Xbox Series X backward compatibility – Microsoft reveals how it works

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Microsoft has released details about how the backward compatibility of the Xbox Series X works, calling the new Xbox “the most compatible next-generation console.”

In an article on Xbox Wire, Jason Ronald, director of program management for Xbox Series X, revealed that the Xbox Series X will launch with thousands of games, across four generations of Xbox. Not only that, but these games will “play better than ever” thanks to Microsoft's new HDR reconstruction technique and the Xbox Series X fast resume function. In addition, the powerful specifications of the Xbox Series X will allow some Backwards compatible titles run at higher resolutions or double the frame rate.

“As players, we also know how important it is to preserve and respect our gaming heritage,” wrote Ronald in the post. “Your favorite games and franchises, your progress and achievements, as well as the friendships and communities you create through play should all evolve with you across generations. Not only that, your favorite accessories and gaming devices should also progress with you.”

Custom processor is key

(Image credit: Microsoft)

According to Ronald, the same team that brought backward compatibility to the Xbox One does the same for the Xbox Series X.

The technical aspects have made this work for the Xbox Series X a little more difficult, but the custom processor of the new generation console has been specially designed to combat this problem and allows us to enjoy titles from all Xbox generations in a way transparent.

“Maintaining compatibility is a huge technical challenge as the fundamental architectures of systems and chips progress from generation to generation,” says Ronald. “Developers are strongly optimizing their games based on the unique capabilities and performance of a console to provide the best experience for their players. To make the Xbox Series X our most compatible console, it took both significant innovation in the custom processor design as well as the unique design of the Xbox operating system and hypervisor at the heart of our next generation platform. ”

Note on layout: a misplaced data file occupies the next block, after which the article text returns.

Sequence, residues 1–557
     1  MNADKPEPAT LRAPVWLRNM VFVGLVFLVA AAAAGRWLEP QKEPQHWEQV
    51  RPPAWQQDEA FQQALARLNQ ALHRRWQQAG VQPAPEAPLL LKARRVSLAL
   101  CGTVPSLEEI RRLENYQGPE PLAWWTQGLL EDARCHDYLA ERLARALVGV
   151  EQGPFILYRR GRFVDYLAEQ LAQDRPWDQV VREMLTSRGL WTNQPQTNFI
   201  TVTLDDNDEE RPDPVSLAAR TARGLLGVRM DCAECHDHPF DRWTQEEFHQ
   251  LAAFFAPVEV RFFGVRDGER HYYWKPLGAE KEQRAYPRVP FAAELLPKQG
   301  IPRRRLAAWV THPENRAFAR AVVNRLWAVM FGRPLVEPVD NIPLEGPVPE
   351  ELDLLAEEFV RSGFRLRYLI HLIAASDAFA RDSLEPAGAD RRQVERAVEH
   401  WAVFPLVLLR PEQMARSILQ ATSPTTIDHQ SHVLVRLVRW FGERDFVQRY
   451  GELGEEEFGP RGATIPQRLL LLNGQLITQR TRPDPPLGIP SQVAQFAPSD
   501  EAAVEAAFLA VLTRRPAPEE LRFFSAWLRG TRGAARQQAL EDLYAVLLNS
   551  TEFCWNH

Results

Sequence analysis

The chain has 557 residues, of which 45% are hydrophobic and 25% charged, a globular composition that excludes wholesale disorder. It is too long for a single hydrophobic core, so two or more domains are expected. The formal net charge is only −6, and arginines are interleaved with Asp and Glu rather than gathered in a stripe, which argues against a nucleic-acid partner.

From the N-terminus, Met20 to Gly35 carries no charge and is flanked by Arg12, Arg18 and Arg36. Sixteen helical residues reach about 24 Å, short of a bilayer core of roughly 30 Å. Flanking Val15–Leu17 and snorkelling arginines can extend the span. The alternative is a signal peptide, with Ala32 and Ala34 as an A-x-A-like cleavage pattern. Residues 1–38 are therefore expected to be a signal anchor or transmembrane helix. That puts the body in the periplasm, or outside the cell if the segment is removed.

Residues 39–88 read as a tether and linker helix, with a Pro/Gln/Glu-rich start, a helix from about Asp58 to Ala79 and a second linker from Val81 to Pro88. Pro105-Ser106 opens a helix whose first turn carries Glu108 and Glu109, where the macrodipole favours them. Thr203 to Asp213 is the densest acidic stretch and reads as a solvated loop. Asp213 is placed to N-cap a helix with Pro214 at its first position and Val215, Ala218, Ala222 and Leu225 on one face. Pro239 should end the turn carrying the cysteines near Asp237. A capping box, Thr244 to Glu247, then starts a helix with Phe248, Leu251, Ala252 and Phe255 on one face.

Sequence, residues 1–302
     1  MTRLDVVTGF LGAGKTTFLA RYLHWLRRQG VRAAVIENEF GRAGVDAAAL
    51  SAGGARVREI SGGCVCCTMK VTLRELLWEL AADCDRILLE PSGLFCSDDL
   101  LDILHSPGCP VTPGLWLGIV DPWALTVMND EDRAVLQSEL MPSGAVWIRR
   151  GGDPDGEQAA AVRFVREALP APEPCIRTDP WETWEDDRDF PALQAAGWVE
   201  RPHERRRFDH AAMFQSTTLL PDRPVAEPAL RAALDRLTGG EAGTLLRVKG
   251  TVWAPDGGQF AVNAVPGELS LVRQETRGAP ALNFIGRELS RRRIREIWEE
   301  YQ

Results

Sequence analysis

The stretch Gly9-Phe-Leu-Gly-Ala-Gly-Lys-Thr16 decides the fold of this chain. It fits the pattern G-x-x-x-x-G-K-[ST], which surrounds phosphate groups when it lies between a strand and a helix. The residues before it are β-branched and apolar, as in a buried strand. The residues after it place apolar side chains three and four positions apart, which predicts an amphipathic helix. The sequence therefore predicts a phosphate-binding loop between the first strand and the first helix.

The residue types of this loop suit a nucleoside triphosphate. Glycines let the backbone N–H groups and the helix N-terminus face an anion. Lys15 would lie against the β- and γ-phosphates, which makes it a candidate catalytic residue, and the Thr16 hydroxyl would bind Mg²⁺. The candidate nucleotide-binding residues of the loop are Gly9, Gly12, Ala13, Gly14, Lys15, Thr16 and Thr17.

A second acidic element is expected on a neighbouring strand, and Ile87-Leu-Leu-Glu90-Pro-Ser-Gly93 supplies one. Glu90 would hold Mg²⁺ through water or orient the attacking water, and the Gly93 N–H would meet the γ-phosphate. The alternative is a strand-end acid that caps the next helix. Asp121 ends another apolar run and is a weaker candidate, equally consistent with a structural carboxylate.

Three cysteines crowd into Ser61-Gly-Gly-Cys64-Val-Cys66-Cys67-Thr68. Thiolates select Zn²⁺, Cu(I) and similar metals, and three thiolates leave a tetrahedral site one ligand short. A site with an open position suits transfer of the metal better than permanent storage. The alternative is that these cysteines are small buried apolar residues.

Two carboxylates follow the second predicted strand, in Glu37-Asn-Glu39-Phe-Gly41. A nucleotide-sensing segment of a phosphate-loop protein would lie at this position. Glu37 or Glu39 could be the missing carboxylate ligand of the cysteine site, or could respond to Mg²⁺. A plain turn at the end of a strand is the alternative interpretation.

Ronald also revealed that the Xbox team has logged more than 100,000 hours of game testing on Xbox Series X, with team members now using Xbox Series X as their primary console.

“By the time we kick off this holiday, the team will have spent well over 200,000 hours ensuring that your game library is ready for you to commit to immediately,” said Ronald.

Backward compatibility boost

(Image credit: Lionhead Games)

Not only will we be able to enjoy thousands of backward-compatible games on the Xbox Series X since launch, but these games will apparently play better than ever.

The Xbox Series X will be able to run backward compatible games in native mode, each game taking full advantage of the new processor, GPU and SSD of the Xbox.